Skip to content

Texas Moms Demand Action, Students Demand Action Respond to Shooting of Diamond Brigman, a Transgender Woman in Houston


HOUSTON – The Texas chapters of Moms Demand Action and Students Demand Action, both part of Everytown for Gun Safety’s grassroots network, released the following statements in response to the March 16 shooting of 36-year-old Diamond Brigman, a Black trans woman who was shot and killed in southwest Houston early Saturday morning. The shooter has not yet been identified by police. 

On Tuesday, friends of Brigman gathered to mourn her death, remarking that her killing is “a stark reminder of the violence that trans women, especially Black trans women, face.” From January 2017 to December 2023, there were at least 263 homicides of transgender and gender expansive people in the United States, 193 of which were with a gun. Further, these tragedies have a startlingly disproportionate impact. More than six in ten gun homicides of transgender and gender-expansive people were of Black trans women. It’s also important to remember that there have likely been more deaths that have gone unreported or victims who have been misgendered

“Diamond Brigman should be alive today,” said Becky George, Chief Movement Building Officer at Everytown for Gun Safety. “The disproportionate impact of gun violence on transgender people and in particular, Black trans women, is a crisis that continues to devastate communities and demands our attention. Any threat to the safety of our trans and gender-expansive neighbors should be taken as an affront to us all. We won’t stop working to make our communities safe—for everyone.”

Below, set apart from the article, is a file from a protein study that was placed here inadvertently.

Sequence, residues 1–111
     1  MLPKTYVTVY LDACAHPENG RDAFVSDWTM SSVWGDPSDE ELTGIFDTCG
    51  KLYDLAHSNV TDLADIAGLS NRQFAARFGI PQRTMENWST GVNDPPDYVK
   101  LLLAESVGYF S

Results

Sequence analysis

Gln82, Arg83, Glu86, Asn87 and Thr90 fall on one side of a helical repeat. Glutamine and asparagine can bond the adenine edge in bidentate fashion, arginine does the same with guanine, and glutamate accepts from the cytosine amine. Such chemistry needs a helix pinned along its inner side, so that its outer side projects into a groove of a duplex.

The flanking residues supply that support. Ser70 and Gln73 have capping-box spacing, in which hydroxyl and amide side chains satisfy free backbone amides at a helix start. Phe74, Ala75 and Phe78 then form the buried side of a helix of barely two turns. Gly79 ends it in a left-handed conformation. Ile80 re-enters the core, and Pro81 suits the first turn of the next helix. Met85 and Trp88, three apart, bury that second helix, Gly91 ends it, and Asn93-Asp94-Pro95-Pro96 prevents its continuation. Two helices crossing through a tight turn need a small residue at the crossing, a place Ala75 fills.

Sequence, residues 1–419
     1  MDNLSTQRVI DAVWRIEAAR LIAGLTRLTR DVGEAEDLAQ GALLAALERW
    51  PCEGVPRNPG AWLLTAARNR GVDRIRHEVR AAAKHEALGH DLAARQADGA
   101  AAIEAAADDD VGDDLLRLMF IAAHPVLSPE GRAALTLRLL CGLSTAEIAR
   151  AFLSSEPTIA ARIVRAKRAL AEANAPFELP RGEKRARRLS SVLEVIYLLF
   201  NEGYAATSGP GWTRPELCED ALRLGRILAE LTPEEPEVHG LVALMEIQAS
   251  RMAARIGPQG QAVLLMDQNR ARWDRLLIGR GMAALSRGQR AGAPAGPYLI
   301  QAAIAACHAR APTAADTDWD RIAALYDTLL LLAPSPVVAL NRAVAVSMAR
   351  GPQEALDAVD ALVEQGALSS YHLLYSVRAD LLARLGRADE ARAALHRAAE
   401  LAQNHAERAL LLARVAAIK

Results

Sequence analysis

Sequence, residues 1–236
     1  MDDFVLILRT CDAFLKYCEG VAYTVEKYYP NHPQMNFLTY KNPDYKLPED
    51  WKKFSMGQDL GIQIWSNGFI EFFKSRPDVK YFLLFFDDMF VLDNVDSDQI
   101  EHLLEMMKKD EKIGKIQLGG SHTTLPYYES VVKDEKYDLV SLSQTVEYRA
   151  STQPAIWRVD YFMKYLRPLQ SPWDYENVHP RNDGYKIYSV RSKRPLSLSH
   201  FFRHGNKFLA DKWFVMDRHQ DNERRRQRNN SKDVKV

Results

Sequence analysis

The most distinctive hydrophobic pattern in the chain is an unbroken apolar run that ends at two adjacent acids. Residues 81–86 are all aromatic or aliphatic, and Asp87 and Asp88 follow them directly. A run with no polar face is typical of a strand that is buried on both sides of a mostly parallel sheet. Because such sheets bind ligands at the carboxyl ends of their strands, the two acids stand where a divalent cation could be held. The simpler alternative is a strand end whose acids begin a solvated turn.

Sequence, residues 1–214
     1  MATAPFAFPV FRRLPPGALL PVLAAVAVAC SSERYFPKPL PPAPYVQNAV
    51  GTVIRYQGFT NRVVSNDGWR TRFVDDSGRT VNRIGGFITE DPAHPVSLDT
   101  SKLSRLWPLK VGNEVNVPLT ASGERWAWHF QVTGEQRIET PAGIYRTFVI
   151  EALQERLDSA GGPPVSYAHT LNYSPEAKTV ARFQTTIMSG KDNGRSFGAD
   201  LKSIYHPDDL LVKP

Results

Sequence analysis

“I am angry and saddened to learn of the horrific shooting of Diamond Brigman. While we wait for more details, it is devastating that her friends and family are left to wonder if she was targeted simply for existing as her authentic self,” said Isha Archer, a volunteer with the Texas chapter of Moms Demand Action. “Our hearts are with her loved ones but thoughts and prayers will never be enough. How many Black trans women have to be targeted by gun violence before lawmakers make meaningful strides to disarm hate across Texas? Trans people have the right to exist in peace, protected against the threat of gun violence.”

This tragic trend isn’t happening in a vacuum. Transgender people are 2.5 times as likely to be victims of violence as cisgender people. As of February this year, 130 anti-trans bills have been filed in states across the country. Last session in Texas, 141 anti-LGBTQ+ bills were introduced, making Texas responsible for one in five of all anti-LGTBQ+ bills introduced nationwide in 2023. Anti-LGBTQ+ political attacks & extremism fuel real-life violence. Hateful rhetoric has real-life consequences for the LGBTQ+ community. And when that kind of hate is paired with unfettered access to firearms, the consequences become even more deadly. To keep trans and gender-expansive people safe, lawmakers at every level must take action to prioritize legislation that disarms hate and protects marginalized groups from gun violence.

Texas has weak gun laws. In an average year, 3,996 people die by guns in Texas, and 5,556 more are wounded. Guns are the leading cause of death among children and teens in Texas. More information on gun violence in Texas is available here

Everytown for Gun Safety Support Fund has tracked homicides of transgender and gender non-conforming people in the U.S. since 2017. In addition to breaking down gun violence to the state- and county level, the platform includes a database of known trans or gender-nonconforming homicide victims in the United States.